A new report from the U.S. Government Accountability Office has found that Amazon and Walmart are among the top national employers of people who rely on government food assistance.
This news comes just months after the federal government granted the two companies exclusive nationwide rights to accept SNAP benefits for online groceries.
Launched last year, the USDA SNAP Online Pilot created the first contactless grocery option for the current 38 million SNAP reliant workers and an unprecedented $85 billion in total annual SNAP grocery purchases. The pilot now extends to 46 states and the District of Columbia, with Amazon and Walmart as the only USDA-approved national retail partners and the only retailer offering delivery in a vast majority of participating states. An estimated $3.4 billion, or 4 percent, of that $85 billion in food aid spending was spent in the program’s first year.
With even modest assessments, both companies probably raked in over a billion dollars of government subsidized food expenditure during the pandemic.
The exclusivity guaranteed by the USDA agreement requires other retailers to operate only on a state-by-state basis, but states are finding it hard to locate retailers with delivery capacity. This month for example, Indiana initiated a similar program with Aldi stores, with Instacart providing delivery. Crucially, the pilot prohibits the use of benefits to cover delivery fees. While Instacart’s $5.99 delivery fee is a substantial out-of-pocket expense considering the average weekly SNAP budget of $29.40 it’s also low enough that the driver will likely qualify for and rely on aid. Instacart has waived the fee for SNAP purchases through March, in a sign of apparent goodwill.
To be clear, Walmart and Amazon should accept SNAP. Every food retailer should. And the government should expand aid in a pandemic economy. Greater access is good for the people who receive aid and, since the SNAP program reimburses grocers at retail price, it’s not bad for business, at least at great scale. ranting new, even temporary monopolies is less clearly in everyone’s favor. Especially when it’s these two companies receiving the grants.
Pandemic business has been starkly advantageous for both Amazon and Walmart. Amazon’s market cap has increased $570 billion; Walmart’s stock price has increased 25 percent. Within Q3 Earnings Releases, Amazon reported a 200 percent increase in year-over-year profit, while Walmart’s year-over-year profit increased 56 percent spurred by a 41 percent uptick in eCommerce with the solitary notation: “Strong growth in online grocery. After stalling stock buybacks in Q2, Walmart allocated $500 million to buybacks in Q3.
Despite capital gains, the latest reports show that Amazon and Walmart remain some of the largest employers of SNAP recipients. In Indiana, which just partnered with Aldi, Amazon lags behind only Walmart and McDonald’s in the number of people on foodstamps that it employs. In Pennsylvania, 10 percent of Amazon warehouse employees were food insecure and reliant on SNAP assistance — this in a state that in 2016 allocated a $22.5 million subsidy to Amazon for warehouse job creation. Since 2015, Amazon has received over $241.3 million in state and local subsidies — almost exclusively for “value jobs.”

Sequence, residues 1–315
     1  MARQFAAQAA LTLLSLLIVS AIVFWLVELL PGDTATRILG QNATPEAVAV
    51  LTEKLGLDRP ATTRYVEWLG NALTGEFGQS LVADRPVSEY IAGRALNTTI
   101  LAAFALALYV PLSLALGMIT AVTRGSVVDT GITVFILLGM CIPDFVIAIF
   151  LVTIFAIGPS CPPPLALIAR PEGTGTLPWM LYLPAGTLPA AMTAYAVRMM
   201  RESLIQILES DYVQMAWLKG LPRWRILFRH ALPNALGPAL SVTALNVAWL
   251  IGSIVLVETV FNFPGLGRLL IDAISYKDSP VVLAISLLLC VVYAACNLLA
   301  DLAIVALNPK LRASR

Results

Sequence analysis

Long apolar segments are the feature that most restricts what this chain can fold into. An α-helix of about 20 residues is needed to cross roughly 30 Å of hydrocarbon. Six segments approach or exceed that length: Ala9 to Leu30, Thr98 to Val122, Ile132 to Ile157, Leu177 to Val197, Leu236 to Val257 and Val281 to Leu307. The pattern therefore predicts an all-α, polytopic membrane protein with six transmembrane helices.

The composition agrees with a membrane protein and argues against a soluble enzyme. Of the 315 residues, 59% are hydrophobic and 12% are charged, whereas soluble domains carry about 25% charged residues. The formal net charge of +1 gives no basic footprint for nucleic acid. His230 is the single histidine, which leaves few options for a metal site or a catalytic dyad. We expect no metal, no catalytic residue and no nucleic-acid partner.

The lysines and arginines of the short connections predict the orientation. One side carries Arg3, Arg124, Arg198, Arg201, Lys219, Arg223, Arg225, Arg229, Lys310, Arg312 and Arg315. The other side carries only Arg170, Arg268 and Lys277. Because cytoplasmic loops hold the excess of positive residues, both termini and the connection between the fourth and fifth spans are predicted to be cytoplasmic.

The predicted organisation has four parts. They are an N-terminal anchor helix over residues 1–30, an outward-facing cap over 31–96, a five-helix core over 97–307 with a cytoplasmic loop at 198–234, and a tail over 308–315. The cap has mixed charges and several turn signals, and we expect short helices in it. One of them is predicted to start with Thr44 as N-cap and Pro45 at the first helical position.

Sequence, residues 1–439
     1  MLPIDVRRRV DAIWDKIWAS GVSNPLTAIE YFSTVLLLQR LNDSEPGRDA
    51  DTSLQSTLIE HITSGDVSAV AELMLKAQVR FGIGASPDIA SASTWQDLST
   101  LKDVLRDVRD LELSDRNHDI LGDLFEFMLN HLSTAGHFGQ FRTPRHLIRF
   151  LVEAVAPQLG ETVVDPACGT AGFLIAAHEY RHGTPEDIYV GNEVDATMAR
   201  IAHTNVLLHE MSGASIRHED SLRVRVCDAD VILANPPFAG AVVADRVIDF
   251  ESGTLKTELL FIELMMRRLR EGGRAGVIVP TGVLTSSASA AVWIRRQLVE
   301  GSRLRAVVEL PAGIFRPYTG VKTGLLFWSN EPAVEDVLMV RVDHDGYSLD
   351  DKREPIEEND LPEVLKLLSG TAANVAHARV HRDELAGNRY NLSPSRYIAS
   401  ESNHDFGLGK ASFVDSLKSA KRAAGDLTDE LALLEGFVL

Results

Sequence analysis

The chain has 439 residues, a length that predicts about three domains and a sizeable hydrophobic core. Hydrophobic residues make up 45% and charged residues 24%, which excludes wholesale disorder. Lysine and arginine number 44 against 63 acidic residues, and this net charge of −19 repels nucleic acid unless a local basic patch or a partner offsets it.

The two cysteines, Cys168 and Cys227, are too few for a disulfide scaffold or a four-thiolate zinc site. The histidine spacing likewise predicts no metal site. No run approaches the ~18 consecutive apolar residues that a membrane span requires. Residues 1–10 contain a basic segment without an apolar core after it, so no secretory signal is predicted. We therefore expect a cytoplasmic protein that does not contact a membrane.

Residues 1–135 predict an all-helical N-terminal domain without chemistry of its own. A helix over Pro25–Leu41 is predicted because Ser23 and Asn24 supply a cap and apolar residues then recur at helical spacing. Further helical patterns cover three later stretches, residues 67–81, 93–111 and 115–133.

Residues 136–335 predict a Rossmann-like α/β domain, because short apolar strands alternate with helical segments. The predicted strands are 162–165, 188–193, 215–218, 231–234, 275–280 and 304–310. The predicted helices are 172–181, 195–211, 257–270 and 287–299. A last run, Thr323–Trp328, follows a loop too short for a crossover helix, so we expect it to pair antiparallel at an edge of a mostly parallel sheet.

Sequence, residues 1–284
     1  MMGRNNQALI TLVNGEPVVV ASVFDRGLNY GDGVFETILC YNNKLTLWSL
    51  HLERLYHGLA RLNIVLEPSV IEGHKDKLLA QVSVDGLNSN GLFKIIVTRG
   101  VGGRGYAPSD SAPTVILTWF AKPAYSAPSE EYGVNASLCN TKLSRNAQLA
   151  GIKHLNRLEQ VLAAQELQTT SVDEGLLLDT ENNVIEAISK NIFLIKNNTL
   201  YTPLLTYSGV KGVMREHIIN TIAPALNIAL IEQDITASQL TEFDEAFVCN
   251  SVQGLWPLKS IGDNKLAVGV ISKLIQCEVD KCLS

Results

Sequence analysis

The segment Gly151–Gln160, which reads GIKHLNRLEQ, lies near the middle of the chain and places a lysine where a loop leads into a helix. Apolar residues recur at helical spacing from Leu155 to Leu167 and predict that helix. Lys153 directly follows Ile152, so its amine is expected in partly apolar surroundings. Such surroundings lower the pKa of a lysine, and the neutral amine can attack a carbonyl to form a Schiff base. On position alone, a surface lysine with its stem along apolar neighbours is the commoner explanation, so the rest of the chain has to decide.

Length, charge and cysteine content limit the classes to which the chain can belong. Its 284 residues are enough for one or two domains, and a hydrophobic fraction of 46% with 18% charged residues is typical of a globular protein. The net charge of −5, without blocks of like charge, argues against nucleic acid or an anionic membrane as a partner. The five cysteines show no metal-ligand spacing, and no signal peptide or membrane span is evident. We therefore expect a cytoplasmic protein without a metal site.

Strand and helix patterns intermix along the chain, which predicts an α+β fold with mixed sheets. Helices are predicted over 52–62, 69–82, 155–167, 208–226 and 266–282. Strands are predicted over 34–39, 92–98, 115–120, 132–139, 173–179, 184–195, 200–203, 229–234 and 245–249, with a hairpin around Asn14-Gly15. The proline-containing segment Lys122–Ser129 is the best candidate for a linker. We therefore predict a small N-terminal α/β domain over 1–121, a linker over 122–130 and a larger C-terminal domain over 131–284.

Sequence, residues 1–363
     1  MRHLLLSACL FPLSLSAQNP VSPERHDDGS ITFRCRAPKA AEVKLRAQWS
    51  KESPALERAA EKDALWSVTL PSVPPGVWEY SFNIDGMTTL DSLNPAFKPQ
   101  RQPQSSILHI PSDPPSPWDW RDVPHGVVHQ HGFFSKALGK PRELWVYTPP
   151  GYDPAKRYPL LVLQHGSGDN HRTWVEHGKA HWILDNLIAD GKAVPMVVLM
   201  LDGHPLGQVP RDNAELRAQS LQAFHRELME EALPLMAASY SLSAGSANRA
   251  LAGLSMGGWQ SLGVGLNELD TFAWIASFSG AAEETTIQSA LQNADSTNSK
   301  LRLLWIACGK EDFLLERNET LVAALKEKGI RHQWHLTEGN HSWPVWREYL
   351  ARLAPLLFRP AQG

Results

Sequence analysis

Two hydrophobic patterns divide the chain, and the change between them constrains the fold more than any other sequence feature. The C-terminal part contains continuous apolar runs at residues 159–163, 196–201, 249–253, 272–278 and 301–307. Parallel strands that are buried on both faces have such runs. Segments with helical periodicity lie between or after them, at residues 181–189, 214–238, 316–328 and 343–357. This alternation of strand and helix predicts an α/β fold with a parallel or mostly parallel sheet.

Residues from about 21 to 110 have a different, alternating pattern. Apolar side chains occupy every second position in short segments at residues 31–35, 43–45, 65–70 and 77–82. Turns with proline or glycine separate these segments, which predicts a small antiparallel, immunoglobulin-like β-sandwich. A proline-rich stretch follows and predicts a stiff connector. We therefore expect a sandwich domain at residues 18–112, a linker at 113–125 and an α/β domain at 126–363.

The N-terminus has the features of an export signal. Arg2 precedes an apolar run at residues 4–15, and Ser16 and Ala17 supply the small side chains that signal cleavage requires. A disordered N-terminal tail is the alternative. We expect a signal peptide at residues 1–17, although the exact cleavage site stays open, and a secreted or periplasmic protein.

Amazon and Walmart have underpaid their workers for quite some time, and now have landed a government-authorized monopoly position to profit (again) from their own employee’s immiseration. Using baseline grocery profit margins, Amazon and Walmart may be earning $40-$134 million profit on their own employees’ food-stamps, receiving your tax money as payment through their online platforms, which heavily advertise their own brands. And those margins are on the low side, before consideration of the performance of the company’s own brands on their retail portals
Seventy percent of SNAP recipients work full-time, and the remaining recipients are required to work 30 hours per week. In the US, full-time workers earning above minimum wage, and often double it, are still struggling to make ends meet. Within the institutions of Walmart and Amazon, the average full-time wages are $27,000 and $35,096 respectively — roughly $30,000-$40,000 less than the nation’s $68,000 a year median income, and squarely within “Near Poverty” levels according to US Census guidelines. And, to be clear, these numbers include applauded wage hikes by both Walmart and Amazon to a generous respective $11.00 and $15.00 minimum (though these ‘minimum wages’ don’t apply to the entire domestic workforce of either company.)
A Bloomberg analysis of U.S. Bureau of Labor Statistics data last month found that Amazon’s entry into a community often decreases area wages. A study found that 68 counties’ average industry compensation for warehouse employees fell from $24 to $17.50 after Amazon established a warehouse within their borders. This decreases annual full-time wages from $50,008 to $36,522 — crossing a critical threshold into near poverty levels. The cadence for new Amazon warehouses? One a day, increasing the number of working adults in need of food aid, with few options for food delivery beyond the very employer failing to pay them a living wage.
In 2020, Jeff Bezos donated a tax-deductible $100 million to Feeding America— the largest in the nonprofit’s history.
“Please visit Walmart’s corporate Feed Hunger page to donate to Feeding America. With the help of outside donations, Walmart has raised over $18 million for food insecurity in 2020,” reads the company site. No mention is made of the significantly greater amount of money Walmart is on pace to make from the food insecurity among its own workers.
Feeding hunger, indeed.